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Tuesday, May 23, 2006

Salt Lake City (I)

"And what a blessing it is to have a prophet living in our time," you hear from Sister Rowley on your tour of Temple Square. Sister Rowley is perhaps 20 years old, young like all of the Sisters who lead tours, and Susan, who is taking the tour with you, doesn't quite believe her earnestness. Sister Rowley tends to deviate from the script, interjecting vernacular and metaphor into her delivery. Later, Susan will say, "She seemed less into being a missionary and more like a normal teenage girl."

Now, though, standing outside Assembly Hall and looking at the metallic zeppelin of the Tabernacle (under construction), Sister Rowley keeps looking at you with a surreptitious sweep of her eyes. Perhaps you are tempting her. At the end of the tour, she says you remind her of her brother, and her hand brushes your fingertips when she hands you the comment card.

Do Mormons confess? You hope so. If not, perhaps they pray to ask forgiveness of the Almighty.

You hope you have given Sister Rowley something to confess to God.

Susan (also an Oberlin alum) and I in front of the Temple.

Monday, May 22, 2006

Travelogue: Thunder Mountain

In Winnemucca, Susan tells me, the story about Frank Van Zandt is that he hung a dead horse from his property near Imlay for 10 years. He hated the government, and the horse was a symbolic gesture to show it.

It's hard to separate fact from fiction about Van Zandt—"Chief Rolling Mountain Thunder," as he called himself—and I won't attempt to do so. Suffice to say that each source is choosing a story; and what remains of his life's work is Thunder Mountain, now a Nevada State Park.

It's an attraction, of sorts, especially along the emptiness of Interstate 80. Thunder Mountain is more of a compound—a "monument," in Van Zandt's eyes—than a single work of art. Much of the material concerns Native Americans, and often is about their suffering at the hands of a white nation.

Perhaps best of all, Thunder Mountain is largely fashioned from scraps, rusted metal, old cars, bottles, concrete. It's the rendering, perhaps, of the country's profligacy into a monument that, to Van Zandt, is all about the government's failings.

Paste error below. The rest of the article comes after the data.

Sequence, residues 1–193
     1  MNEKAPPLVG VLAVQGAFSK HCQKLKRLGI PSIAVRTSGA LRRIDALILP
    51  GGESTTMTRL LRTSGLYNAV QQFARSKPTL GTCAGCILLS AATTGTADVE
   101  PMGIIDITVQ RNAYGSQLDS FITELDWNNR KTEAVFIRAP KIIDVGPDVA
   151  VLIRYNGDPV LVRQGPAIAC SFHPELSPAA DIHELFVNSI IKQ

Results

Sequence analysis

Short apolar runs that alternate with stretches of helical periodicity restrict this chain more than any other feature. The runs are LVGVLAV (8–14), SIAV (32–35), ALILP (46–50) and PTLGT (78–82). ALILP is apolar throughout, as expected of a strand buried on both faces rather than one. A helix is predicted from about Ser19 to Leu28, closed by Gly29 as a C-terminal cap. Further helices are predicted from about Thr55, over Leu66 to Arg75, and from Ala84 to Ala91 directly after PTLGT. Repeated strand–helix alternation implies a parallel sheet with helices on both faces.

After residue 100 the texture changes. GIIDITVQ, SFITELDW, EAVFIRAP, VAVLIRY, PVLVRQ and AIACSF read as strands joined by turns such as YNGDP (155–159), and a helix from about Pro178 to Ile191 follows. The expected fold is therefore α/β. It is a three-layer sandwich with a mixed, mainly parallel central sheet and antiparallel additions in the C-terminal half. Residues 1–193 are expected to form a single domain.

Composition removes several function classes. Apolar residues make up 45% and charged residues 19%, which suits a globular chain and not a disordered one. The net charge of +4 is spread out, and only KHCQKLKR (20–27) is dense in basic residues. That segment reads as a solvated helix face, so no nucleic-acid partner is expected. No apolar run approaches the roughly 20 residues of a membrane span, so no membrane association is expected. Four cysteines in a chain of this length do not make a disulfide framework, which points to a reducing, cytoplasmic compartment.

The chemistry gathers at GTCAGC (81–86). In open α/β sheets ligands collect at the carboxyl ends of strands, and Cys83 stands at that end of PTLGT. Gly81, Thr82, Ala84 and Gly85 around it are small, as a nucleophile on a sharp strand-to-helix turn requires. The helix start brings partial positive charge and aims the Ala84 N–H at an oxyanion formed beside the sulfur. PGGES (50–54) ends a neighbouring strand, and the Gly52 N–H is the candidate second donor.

For more information, on Frank Van Zandt:

  • "Chief Thunder Speaks"
  • Roadside America

  • Sunday, May 21, 2006

    Travelogue: Winnemucca

    Winnemucca's not a very photogenic town. It's not terribly ugly either—more homely than comely. Even at the convention center, the woman behind her desk behind the counter tells you that a few years back they had a little contest for new Winnemucca postcards. Even the four entries that won, she says, aren't that exciting. The postcards are 50 cents each.

    Snap. Snap. Snap snap snap. I could take a hundred pictures, and each could be of a hundred different towns.

    Winnemucca is named for Chief Winnemucca of the Paiute. The Humboldt Museum ("Home of the Mammoth") doesn't say much about him. Instead, its curators prefer a display case on his daughter, Sarah Winnemucca. "Sarah Winnemucca was never a chief," they write. "Certain people felt she should have been, as she did much to enhance relations between her people and the white settlers."

    Sarah Winnemucca's display case in the Humboldt Museum contains two explanatory placards and 10 items: four baskets; one arrow; a picture of the Fort McDermitt Indian Reservation, dated 1911–1918; an 1882 sketch of a Paiute encampment; a poster of "Chief" Sarah Winnemucca; a burden basket designed by Mary Lee Fulkerson of Reno; and a doll of Sarah Winnemucca, which has Paiute dress, a button nose, small puckered lips, rosy cheeks, blue eyes, and ivory skin.

    There really is a mammoth in the Humboldt Museum—or most of one, anyway, along with the skull, sans tusks, of another. But the pieces are separate, and weathered, and the tarsals look more like rocks than remains.

    Which, I suppose, they are.